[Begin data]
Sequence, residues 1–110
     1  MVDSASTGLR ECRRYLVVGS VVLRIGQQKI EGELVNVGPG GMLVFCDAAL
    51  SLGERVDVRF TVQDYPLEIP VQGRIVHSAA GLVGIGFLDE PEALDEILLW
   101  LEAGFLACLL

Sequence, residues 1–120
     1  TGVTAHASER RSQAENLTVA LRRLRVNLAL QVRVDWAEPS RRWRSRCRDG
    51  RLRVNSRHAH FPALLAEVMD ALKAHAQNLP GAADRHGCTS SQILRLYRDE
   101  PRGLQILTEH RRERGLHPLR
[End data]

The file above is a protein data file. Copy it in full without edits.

Sequence, residues 1–110
     1  MVDSASTGLR ECRRYLVVGS VVLRIGQQKI EGELVNVGPG GMLVFCDAAL
    51  SLGERVDVRF TVQDYPLEIP VQGRIVHSAA GLVGIGFLDE PEALDEILLW
   101  LEAGFLACLL

Sequence, residues 1–120
     1  TGVTAHASER RSQAENLTVA LRRLRVNLAL QVRVDWAEPS RRWRSRCRDG
    51  RLRVNSRHAH FPALLAEVMD ALKAHAQNLP GAADRHGCTS SQILRLYRDE
   101  PRGLQILTEH RRERGLHPLR